Recently it has been asserted repeatedly by some people that, although the Church is “One, Holy, Catholic and Apostolic” and it is the Orthodox Church, we can also make use of the term “Churches” for the non-Orthodox, and in this case it is a “technical term” (terminus technicus).This view makes a particular impression, as it is not just written in articles but is also being put forward by bishops, even in official Synodical bodies, in order to support the decision of the “Great and Holy Council” of Crete that “the Orthodox Church accepts the historical name of other non-Orthodox Christian Churches and Confessions that are not in communion with her.” I have a different view, of course, and I would like to express it in this article.
Thus, the final text is diplomatic. It is distinguished by its “creative ambiguity”, as has been written. It contains arguments that can be received by all sides. I think that it displeases both the Orthodox and the heterodox. It is imbued with baptismal theology and, indirectly but clearly, with the branch theory, as was also demonstrated during the discussions, and it also moved slightly, but consciously, away from the principle of exclusivity and towards the principle of inclusiveness.
"As I stated in the meeting of the Holy and Great Synod, the text doesn’t have a strict ecclesiological basis. The question of what the Church is and who are its members was one of the nearly one hundred issues which had been raised by the Holy and Great Synod, but, over time, fell to the wayside in view of a wider conversation and dialogue, to be decided later. Hence what the Church is and who are its members must first of all be discussed and defined, and only after this can the position of the heterodox be defined."
Many texts have been written recently by experts and non-experts, by those who are competent and those who are not, on this great event. Unfortunately, as I have pointed out in another text, in some of them we see that theology is mixed with politics, or rather, various ecclesiastical elements get involved knowingly or unknowingly in the aspirations of politicians, and politicians, too, use various ecclesiastical elements in order to implement their plans through the Church.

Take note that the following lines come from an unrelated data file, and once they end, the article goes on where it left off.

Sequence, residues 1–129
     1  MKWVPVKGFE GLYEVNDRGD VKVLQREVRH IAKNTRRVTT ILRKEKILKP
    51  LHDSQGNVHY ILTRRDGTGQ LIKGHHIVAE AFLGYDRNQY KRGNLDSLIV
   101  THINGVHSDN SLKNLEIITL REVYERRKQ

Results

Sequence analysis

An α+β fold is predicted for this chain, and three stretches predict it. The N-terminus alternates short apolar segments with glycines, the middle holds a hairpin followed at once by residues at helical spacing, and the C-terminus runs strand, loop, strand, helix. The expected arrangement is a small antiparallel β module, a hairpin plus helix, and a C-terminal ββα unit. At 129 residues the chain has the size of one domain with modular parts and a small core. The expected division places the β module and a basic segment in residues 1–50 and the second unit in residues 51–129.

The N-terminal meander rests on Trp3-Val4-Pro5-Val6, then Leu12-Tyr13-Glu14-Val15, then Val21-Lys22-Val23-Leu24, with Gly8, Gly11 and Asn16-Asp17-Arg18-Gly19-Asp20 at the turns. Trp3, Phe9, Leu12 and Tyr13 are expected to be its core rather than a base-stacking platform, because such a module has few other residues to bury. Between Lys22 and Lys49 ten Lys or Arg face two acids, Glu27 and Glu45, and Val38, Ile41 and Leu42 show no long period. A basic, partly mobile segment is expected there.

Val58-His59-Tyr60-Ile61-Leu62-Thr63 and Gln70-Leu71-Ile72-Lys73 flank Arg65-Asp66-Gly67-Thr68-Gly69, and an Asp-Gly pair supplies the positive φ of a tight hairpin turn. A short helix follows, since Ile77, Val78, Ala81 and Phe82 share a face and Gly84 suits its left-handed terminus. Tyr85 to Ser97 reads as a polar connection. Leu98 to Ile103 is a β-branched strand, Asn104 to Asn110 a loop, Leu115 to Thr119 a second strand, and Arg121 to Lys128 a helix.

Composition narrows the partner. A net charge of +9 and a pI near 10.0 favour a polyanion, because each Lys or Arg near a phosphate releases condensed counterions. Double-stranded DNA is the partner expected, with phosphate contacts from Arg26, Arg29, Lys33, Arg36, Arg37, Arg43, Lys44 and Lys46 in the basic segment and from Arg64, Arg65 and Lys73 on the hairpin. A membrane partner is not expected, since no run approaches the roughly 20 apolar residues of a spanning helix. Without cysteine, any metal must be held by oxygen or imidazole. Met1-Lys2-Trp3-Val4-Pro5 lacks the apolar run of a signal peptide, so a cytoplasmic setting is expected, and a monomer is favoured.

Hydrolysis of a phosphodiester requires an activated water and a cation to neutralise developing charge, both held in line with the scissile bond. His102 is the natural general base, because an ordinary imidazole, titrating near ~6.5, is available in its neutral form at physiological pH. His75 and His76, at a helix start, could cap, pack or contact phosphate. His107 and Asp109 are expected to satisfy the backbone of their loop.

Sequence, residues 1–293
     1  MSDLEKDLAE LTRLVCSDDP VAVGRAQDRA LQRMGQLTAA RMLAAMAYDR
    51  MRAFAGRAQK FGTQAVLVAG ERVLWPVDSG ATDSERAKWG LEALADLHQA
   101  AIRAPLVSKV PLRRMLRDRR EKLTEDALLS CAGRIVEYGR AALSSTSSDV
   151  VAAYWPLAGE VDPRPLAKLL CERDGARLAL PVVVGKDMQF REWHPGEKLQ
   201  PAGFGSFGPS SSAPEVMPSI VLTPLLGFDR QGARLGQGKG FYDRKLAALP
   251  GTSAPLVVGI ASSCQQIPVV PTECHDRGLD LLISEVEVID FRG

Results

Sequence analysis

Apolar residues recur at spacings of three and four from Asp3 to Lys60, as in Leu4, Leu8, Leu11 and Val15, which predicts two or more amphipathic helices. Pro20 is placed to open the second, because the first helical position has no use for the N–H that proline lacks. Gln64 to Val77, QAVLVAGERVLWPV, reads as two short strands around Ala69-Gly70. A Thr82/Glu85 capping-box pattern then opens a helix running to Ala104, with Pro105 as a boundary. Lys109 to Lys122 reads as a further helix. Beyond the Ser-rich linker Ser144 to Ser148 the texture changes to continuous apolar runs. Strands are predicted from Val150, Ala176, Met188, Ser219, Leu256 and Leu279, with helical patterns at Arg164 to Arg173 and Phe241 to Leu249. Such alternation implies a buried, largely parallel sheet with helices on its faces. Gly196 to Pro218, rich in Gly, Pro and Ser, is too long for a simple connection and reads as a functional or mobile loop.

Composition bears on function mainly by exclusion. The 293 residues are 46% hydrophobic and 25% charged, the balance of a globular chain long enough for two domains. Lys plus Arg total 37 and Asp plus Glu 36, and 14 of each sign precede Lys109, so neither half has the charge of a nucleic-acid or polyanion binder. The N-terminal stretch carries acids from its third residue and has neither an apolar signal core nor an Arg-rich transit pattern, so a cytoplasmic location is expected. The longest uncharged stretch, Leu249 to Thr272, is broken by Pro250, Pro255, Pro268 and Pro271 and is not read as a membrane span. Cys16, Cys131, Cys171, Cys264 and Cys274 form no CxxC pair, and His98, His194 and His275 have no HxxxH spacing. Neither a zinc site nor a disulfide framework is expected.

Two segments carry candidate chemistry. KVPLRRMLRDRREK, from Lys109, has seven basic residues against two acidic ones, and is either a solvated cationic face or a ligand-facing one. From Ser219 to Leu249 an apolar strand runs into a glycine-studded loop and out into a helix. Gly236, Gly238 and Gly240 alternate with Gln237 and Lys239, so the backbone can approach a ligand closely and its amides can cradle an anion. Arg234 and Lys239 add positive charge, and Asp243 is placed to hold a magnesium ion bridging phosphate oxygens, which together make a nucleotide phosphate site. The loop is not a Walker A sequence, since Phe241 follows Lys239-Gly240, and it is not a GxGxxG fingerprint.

Eventually, all of the dreams of the "Fathers" of this idea resulted in it becoming, not an Ecumenical Council, but a Holy and Great Council which is still unable to find its identity, tackling just six issues that are vague, untimely, without a clear cut goal, and some of which are detached from the tradition of the Fathers.
His Eminence Met. Hierotheos Vlachos offers an indepth look at several problematic terms and phrases in the draft documents approved for consideration at the upcomign Pan-Orthodox Council in Crete in June.
For the edification of the whole Church, in this second letter to the Holy Synod of Greece, Met. Hierotheos Vlachos calls attention to and calls for correction of certain ambiguities and ecclesiological and anthropological errors and imprecisions in the texts "Relations of the Orthodox Church with the rest of the Church world," and "The mission of the Orthodox Church in the modern world" which were prepared for the upcoming Pan-Orthodox Council in June.
Metropolitan Hierotheos (Vlachos) of Nafpaktou has written the Archbishop of Athens and the Holy Synod of the Church of Greece concerning the process by which the texts for consideration at the Great and Holy Synod (planned for June of 2016) are to be approved.The Metropolitan brings to light serious violations and disregard for the synodical system of the Church with regard to the acceptance of the pre-synodical texts. He requests that answers be given as to why the hierarchy of the Church never discussed, let alone approved, the documents which will be considered at the Holy and Great Council.
Metropolitan Ierotheos Vlachos speaks about how a study of St. Gregory Palamas lead him to wondrous experiences on the Holy Mountain, the saints he met there, and the continuing living Tradition that they hand on in each generation, encapsulatd in the Jesus Prayer: "Lord Jesus Christ, Son of God, have mercy on me, a sinner."
The dogmas are the results of decisions made at the Ecumenical Councils on various matters of faith. Dogmas are referred to as such, because they draw the boundaries between truth and error, between sickness and health. Dogmas express the revealed truth. They formulate the life of the Church. Thus they are, on the one hand, the expression of Revelation and on the other act as "remedies" in order to lead us to communion with God; to our reason for being.
So, when I see people holding a lit candle and chanting “Christ is Risen” on the night of the Resurrection of Christ, I understand better that we should regard death as a process of passing from the “land of Egypt” to the “land of Promise”, from death to life, which takes place in Christ, and as a hope for our resurrection which again takes place in Christ. It would be very fortunate if we were to anticipate death in this position, holding the candle of the Resurrection and chanting “Christ is Risen”.
But there is a basic principle: Christianity does all its social work mainly within the church area. Those who perceive the Church as an ideology, as a social and religious system, become frustrated. Those living outside the Church and are involved a few times a year in church life, do not know what is in it.